The title says everything… or so you thought. You click on the link and it takes you to a blog that is long swathe of text, peppered with words that have longed dropped out of use, their meaning devoid and is also incredibly laborious to read.
Do your blog posts suffer the same fate? Would you like to add a ‘little something’ extra but not sure how or where to find the extra spice for your content?
Follow these 10 tried and tested tips…
#1 The story
Many blogs, sadly, lack a story. However, type this into your favourite search engine and what you will find is lots and lots of blogs on storytelling in content, but not a lot of explanation of what it actually is.
Is it an ‘about me’ page? No.
Is it about a human element within your blog? Yes. If it fits.
This comes back to why you are writing your blog post. This post, for example, came from an idea whilst reading a few blog posts that were dull. As dreadful as that sounds, they lacked the va-va-voom needed to harness interest and keep it.
A little more storytelling would not have gone amiss. So think about why you are writing the post, what problem can you help the reader to solve? What emotions are you trying to change or evoke?
Get it right and it is strong stuff.
#2 1st person, 2nd person, 3rd person, no person…
There is a lot written, debated and discussed about which voice a blog post should be written in. Some people say first person – I wrote a blog today! – but others say not to do this – a blog was written and posted on the website today.
Who is right? They all are. The voice of an article depends very much on what you are trying to achieve, the information you are giving, the field you are in and so on.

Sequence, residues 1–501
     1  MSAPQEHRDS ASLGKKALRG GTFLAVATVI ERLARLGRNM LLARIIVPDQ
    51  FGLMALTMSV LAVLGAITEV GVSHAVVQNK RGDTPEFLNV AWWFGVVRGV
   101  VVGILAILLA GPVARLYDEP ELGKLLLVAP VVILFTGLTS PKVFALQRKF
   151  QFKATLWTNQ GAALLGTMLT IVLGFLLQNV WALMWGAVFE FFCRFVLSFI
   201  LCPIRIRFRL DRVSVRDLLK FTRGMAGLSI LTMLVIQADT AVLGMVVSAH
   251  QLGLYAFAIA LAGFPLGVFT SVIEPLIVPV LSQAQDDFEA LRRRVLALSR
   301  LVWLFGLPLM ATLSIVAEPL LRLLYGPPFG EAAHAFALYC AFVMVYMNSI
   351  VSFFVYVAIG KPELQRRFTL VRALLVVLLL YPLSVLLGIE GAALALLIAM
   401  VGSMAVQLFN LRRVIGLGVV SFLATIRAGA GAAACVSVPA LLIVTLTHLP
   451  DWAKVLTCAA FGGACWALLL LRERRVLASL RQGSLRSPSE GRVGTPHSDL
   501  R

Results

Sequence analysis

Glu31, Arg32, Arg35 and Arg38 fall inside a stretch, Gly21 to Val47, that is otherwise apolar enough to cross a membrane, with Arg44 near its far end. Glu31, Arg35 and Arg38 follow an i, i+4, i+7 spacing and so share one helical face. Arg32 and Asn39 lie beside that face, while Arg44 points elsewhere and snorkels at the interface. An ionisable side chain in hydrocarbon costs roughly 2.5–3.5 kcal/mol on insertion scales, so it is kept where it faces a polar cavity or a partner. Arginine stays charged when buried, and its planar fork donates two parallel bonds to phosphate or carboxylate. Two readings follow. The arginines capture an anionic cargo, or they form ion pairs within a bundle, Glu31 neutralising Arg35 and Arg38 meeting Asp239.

If it suits, talk to your reader in the first person; if it doesn’t, then don’t.
#3 Sparkling introduction
Sometimes when I write, I start with a few lines but then plunge on in to writing the main blog post, revisiting the introduction when I have completed the main body.
Sometimes known as foreshadowing, it is the lovely paragraph at the start that is can be in a bigger font that offers a delightful, tantalizing peek into what is about to come.
#4 Map reading
Sat Navs are all the rage, aren’t they? As you drive along, you listen to the instructions given forewarning that you need to make a change in your driving direction.
For example, Turn left in 400 yards or, at the next roundabout, take the third exit. You get the picture.
With a blog post, when you are about to change direction in your writing, there are several things you can do to make sure your reader stays with you;
• A paragraph for one idea – you had this drilled into you in primary school and it is still apparent today. When you are ready to change direction, signal this is going to happen by starting a new paragraph.
• Use headings – you know those sub-heading things? They are great for telling the reader you are about to talk about something else… and it is really interesting too.
#5 Is what you are saying crystal clear?
Or, is it a bit lost in fluffy, flowery words that mask the true meaning and clarity of what you are saying?
The versatility and calorific value of homemade soup has long been debated in academic and scientific circles. With the use of fresh ingredients, the soup is known to taste far delectable, especially as the seasoning can be adjusted according to individual taste.
So, what is this piece of writing saying? Is homemade soup better or not? (and beware wild claims – What debate? When? Really?!)
#6 Shorter is sometimes better
There is a challenge that many writers make themselves face – it is something I do all the time, to keep my writing sharp.